Those looking for a full-size tablet for around $400 are likely to find themselves debating between the original iPad Air and Amazon’s Fire HDX 8.9. This fall, Amazon updated the HDX 8.9 with a faster processor, and at roughly the same time Apple introduced the iPad Air 2, lowering the cost of the original. Now that they have similar prices, screen sizes, and designs, choosing between them can be challenging. To simplify this process, we compared the two side by side.
Build & Design
The designers behind both tablets put a premium on creating slim, lightweight devices, but the Fire HDX 8.9 comes out slightly ahead in this area. It weighs in at 0.8 pounds and measures 0.3 inches thick, while the iPad Air is 1 pound and has the same thickness.
Really, the entire HDX 8.9 is a bit smaller than its rival: it’s 9.1 x 6.2 inches, versus the iPad that’s 9.4 x 6.6 inches. However, this doesn’t make the Fire noticeably more portable, as both are full-size tablets that need to be carried in a case.
As far as esthetics go, that’s generally in the eye of the beholder. Both tablets look very similar from the front, but Apple went for a cleaner, simpler design for the back, while Amazon’s offering has beveled edges on its back plate. The iPad Air comes in black or white casings, while the Fire is available only in black.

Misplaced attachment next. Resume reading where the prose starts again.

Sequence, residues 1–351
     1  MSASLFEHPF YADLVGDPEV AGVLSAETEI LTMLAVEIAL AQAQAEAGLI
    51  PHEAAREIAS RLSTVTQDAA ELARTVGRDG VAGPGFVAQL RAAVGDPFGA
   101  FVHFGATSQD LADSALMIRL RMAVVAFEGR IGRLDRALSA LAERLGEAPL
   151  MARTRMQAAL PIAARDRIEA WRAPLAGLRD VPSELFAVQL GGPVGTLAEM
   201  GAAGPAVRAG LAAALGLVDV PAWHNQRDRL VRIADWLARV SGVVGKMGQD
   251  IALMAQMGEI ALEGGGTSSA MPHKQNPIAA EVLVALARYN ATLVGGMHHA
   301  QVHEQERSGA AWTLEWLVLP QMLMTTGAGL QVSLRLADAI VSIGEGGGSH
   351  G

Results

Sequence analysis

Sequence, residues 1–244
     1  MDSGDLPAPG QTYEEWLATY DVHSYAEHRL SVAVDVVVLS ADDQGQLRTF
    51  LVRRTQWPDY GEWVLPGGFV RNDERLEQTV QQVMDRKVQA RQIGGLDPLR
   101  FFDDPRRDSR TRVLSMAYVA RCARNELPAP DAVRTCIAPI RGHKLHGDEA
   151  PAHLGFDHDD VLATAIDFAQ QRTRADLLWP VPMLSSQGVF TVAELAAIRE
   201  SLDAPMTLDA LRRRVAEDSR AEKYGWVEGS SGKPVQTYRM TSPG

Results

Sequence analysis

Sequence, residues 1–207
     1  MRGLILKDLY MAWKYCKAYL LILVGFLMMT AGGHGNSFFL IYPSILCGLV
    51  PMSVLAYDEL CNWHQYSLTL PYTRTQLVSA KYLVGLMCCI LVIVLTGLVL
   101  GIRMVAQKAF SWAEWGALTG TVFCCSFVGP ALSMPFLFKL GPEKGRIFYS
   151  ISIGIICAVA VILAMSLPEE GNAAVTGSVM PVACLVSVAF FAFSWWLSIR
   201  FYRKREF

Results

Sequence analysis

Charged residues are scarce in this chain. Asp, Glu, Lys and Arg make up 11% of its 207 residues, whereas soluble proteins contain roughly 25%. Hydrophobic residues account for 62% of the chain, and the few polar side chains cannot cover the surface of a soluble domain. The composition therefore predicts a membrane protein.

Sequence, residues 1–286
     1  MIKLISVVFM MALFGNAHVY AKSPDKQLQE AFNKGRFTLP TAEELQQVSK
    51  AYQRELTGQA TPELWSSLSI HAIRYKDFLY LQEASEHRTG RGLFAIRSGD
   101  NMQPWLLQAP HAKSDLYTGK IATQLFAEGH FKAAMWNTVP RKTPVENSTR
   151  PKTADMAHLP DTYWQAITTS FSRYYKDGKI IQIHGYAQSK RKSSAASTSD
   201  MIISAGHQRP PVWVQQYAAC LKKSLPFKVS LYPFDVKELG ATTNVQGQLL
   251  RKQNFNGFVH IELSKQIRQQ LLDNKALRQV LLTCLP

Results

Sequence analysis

The primary reason the Fire has a smaller form factor is clear: It has a smaller screen. It’s just under 9 inches, while the iPad Air has one that’s 9.7 inches. Amazon’s display is 36.8 square inches, while Apple’s is 44.6 sq. in. In short, Amazon’s is 83% of the size of Apple’s. A nearly 20% difference is quite noticeable, giving the iPad Air a real advantage.
On the other hand, the HDX 8.9’s screen looks slightly better. It is 2560 x 1600, with a pixel density of 339 ppi. The iPad’s screen is 2048 x 1536, so its pixel density is 264 ppi. Also, the Fire comes out just a bit ahead in measurements of vividness of color and performance in bright ambient light. That said, this is a case of comparing a very, very good display to one that’s really outstanding; there’s a difference, but it’s subtle.
Buttons and Ports
The iPad includes the usual collection of power and volume buttons along its edges, while Amazon put these on the back bezels, a marginally superior system.
Neither tablet has a removable memory card slot, but the Fire can access the contents of micro-USB drives. Still, for both devices, users will mostly have to rely on internal and cloud storage.
There is a vast array of accessories available for the iPad Air, especiallywhen it comes to different styles of cases and external keyboards. The same can’t be said of the Fire, as there’s only a handful of similar accessories designed for it.
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